People with hepatitis C are at risk of progressive liver disease. Lifestyle risk factors that increase the likelihood of developing this disease include heavy alcohol intake and fatty liver disease (associated with obesity). However, hepatitis C is significantly different to other chronic diseases in that many people—possibly 50 to 80 per cent of those treated—are cured. But while the number of people on treatment remains as low as it is, hepatitis C remains a chronic disease for the majority.61
People with hepatitis C therefore need to understand the information and support services available to assist them so they can make appropriate lifestyle choices and reduce the burden associated with infection as well as improve their health outcomes. This includes obtaining information about hepatitis C and remaining up-to-date on new information in areas such as diagnosis, development of symptoms, management of symptoms, and the possibilities for preventing or slowing disease progression through self-management strategies and antiviral treatment.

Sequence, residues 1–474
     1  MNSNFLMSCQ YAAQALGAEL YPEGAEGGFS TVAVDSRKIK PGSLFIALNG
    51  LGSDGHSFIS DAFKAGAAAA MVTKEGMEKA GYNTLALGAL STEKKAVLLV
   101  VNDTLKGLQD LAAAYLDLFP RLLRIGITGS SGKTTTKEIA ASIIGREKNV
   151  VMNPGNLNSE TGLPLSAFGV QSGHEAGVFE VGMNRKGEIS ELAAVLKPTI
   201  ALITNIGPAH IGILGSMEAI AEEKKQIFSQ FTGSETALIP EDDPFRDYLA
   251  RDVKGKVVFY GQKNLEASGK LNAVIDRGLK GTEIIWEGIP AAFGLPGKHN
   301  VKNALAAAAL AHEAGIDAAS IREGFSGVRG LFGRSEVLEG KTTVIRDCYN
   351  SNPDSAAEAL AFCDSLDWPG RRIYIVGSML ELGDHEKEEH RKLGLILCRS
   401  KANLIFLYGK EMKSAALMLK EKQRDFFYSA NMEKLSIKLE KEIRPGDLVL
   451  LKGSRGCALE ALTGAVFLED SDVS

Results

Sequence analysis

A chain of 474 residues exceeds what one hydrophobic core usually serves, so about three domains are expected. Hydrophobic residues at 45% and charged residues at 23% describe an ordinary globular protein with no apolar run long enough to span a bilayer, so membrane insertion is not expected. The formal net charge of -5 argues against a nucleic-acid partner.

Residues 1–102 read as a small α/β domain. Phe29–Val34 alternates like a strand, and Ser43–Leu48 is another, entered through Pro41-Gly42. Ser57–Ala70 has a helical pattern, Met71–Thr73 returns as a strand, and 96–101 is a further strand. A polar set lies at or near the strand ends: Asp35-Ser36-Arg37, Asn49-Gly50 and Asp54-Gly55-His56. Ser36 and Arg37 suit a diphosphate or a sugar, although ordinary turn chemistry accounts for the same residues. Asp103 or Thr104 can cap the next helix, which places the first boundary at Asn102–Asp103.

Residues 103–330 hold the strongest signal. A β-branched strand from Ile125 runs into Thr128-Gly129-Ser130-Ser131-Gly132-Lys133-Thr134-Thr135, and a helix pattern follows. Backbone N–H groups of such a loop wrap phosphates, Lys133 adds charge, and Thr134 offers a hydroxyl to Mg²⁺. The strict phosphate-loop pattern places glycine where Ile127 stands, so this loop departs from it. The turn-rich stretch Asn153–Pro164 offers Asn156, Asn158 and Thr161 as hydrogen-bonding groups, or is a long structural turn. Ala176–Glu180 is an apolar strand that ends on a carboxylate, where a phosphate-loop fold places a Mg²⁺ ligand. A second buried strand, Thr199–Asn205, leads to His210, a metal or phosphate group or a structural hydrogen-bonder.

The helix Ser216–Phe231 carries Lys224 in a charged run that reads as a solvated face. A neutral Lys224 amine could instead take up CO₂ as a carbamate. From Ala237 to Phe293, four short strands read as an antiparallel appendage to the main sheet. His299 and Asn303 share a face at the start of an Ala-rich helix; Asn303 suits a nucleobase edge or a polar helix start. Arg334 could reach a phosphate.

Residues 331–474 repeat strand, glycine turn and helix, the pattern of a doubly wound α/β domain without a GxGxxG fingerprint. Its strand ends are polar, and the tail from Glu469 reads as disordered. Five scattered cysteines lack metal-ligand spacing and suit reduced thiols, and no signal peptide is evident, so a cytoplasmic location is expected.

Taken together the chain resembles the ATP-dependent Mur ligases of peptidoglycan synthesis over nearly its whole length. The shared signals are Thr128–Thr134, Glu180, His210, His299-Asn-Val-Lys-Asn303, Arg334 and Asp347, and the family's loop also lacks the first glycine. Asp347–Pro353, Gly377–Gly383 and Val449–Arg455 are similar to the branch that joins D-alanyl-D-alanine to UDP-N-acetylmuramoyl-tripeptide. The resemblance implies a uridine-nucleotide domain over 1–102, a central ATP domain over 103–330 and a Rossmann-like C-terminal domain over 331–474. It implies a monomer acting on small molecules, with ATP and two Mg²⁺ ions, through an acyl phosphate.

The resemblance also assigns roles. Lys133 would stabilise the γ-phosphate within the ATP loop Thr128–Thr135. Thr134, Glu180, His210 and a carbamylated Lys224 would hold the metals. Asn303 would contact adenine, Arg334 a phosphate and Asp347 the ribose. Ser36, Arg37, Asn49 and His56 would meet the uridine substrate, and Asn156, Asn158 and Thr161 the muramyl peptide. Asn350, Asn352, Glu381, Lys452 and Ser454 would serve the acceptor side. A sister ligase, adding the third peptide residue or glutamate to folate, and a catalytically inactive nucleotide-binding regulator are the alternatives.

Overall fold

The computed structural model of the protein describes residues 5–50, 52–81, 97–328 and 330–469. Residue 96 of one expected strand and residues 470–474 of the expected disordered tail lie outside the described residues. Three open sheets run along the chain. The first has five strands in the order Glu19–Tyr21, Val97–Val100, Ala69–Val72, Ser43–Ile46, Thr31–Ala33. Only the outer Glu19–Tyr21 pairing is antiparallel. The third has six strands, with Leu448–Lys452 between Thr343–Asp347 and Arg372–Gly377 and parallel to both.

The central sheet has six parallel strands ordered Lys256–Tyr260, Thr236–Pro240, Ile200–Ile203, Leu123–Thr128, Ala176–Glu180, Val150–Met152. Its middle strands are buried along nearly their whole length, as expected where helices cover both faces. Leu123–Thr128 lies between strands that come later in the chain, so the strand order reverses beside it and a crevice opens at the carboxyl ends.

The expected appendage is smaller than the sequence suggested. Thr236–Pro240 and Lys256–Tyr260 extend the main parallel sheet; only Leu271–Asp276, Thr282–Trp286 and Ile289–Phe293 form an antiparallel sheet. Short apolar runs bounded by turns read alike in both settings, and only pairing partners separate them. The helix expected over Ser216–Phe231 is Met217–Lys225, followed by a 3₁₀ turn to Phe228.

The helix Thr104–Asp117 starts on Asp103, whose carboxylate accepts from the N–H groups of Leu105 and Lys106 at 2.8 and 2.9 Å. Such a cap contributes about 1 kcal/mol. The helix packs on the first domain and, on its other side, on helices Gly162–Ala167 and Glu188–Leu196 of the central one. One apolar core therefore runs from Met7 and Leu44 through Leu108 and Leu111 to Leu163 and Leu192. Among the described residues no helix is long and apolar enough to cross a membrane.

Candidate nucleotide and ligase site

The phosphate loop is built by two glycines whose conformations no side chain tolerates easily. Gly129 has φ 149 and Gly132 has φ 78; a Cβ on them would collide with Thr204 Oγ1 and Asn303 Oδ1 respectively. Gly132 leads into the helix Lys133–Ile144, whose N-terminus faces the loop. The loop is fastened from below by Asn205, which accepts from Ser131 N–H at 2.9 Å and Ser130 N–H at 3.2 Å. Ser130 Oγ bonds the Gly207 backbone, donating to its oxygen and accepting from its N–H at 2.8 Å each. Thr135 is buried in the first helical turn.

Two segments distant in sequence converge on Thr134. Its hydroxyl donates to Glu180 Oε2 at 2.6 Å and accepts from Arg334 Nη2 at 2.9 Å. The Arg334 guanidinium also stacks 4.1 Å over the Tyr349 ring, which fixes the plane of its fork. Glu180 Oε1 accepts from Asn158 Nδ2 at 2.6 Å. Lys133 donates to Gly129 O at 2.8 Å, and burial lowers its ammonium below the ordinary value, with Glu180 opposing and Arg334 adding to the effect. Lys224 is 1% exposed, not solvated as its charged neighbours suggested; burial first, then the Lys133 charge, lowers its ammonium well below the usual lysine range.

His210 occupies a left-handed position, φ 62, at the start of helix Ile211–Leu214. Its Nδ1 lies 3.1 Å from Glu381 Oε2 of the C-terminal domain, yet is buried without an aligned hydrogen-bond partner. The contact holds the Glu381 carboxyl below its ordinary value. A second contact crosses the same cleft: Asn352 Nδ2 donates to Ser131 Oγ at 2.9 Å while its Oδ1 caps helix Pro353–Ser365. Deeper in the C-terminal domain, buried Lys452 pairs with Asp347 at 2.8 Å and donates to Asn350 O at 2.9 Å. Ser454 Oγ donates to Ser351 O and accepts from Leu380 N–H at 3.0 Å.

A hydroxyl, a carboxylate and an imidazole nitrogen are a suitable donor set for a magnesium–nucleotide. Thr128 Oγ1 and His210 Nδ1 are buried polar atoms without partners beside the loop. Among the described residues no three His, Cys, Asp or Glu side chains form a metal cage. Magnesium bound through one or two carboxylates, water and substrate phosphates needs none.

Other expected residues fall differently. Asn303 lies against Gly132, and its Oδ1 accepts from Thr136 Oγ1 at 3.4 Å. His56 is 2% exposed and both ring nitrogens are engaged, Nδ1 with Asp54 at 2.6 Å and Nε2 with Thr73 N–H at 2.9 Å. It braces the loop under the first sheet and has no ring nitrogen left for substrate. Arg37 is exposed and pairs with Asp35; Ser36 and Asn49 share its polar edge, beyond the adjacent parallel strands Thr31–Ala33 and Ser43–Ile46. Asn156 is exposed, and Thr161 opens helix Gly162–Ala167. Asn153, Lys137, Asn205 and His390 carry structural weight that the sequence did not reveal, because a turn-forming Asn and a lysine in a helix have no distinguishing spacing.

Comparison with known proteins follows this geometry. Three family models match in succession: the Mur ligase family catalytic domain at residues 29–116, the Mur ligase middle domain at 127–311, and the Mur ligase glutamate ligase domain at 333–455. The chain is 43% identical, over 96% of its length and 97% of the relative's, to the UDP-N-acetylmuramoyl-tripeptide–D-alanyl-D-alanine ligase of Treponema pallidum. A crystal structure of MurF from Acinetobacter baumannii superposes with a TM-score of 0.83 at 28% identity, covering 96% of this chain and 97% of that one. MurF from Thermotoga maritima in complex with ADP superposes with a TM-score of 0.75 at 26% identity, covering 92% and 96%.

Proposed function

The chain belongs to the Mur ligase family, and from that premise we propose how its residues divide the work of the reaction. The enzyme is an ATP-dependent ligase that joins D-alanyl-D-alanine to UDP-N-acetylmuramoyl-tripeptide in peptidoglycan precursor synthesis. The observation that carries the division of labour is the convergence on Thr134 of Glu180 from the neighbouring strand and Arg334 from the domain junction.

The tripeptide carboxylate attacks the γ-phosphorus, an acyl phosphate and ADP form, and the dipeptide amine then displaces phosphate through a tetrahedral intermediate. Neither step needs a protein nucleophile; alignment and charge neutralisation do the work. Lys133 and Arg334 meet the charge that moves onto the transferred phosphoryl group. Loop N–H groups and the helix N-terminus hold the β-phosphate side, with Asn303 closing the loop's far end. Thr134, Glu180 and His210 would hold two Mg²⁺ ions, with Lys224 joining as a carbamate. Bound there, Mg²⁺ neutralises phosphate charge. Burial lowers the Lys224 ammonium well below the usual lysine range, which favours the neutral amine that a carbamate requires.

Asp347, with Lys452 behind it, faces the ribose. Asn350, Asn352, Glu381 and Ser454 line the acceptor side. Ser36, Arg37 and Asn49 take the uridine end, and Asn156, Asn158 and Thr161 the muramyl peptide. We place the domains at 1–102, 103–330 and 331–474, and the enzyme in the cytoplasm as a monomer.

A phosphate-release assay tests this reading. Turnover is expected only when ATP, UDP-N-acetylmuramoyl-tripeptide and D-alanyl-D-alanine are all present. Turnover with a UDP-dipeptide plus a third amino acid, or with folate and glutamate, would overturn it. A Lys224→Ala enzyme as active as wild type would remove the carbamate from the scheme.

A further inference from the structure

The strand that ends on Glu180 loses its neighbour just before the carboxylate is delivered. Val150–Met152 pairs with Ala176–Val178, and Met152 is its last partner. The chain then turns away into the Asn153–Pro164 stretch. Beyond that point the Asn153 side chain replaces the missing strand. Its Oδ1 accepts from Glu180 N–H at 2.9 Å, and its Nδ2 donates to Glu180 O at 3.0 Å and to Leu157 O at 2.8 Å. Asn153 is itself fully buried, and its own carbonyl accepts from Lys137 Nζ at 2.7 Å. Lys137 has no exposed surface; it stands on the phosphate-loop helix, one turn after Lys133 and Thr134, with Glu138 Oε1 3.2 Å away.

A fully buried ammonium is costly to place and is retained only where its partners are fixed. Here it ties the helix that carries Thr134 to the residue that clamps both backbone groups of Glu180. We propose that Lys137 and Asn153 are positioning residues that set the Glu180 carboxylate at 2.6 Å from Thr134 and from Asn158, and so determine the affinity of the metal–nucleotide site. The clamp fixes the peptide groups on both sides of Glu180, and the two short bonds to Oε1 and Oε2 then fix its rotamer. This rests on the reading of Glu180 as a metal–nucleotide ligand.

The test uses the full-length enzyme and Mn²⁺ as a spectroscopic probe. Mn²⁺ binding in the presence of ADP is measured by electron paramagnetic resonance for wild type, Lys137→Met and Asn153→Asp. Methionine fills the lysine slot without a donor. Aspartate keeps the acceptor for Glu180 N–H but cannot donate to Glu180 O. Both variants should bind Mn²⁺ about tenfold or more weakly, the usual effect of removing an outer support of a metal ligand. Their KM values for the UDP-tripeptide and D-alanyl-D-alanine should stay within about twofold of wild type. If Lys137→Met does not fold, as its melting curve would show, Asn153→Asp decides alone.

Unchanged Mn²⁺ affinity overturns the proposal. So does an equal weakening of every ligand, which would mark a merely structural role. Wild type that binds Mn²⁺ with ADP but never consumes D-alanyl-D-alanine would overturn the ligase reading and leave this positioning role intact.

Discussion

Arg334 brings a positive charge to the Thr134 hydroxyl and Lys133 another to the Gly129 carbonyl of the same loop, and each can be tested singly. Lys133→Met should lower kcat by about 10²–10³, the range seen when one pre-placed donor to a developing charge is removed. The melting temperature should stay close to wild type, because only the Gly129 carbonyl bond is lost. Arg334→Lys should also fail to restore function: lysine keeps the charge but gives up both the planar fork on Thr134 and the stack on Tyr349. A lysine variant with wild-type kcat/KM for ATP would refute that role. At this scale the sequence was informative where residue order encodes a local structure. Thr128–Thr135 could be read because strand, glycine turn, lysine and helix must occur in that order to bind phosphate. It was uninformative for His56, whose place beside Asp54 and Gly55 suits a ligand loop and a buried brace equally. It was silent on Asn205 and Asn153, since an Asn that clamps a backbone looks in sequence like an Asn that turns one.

Peer-based drug user organisations and hepatitis organisations and other community-based services have the expertise and capacity to provide hepatitis C information and support in areas such as validating symptom experiences and making decisions about hepatitis C management and treatment. However, awareness of these services remains limited among both people with hepatitis C and health professionals. Disclosure of hepatitis C status is an impediment to accessing support, because it can result in social isolation and discrimination and often requires people to disclose participation in criminalised behaviours such as injecting drug use. Previous experiences of stigma, discrimination and/or racism can therefore become a barrier to accessing information, education, diagnosis support and management.
Priority actions in health maintenance, care and support for people with chronic hepatitis C
- Undertake education about hepatitis C for the health, community and welfare sectors to engender a supportive social environment for people with hepatitis C and their families.
- Provide accurate and appropriate information for people with, or at risk of, hepatitis C and their support network, on the impact of infection, natural history of the infection, self-management options (including how to reduce the risk of developing liver disease and how to access specialist services), and how to exercise legal and health rights.
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61 Bradford D, Hoy J & Matthews G (eds), HIV, viral hepatitis and STIs: a guide for
primary care, Australian Society for HIV Medicine, Sydney.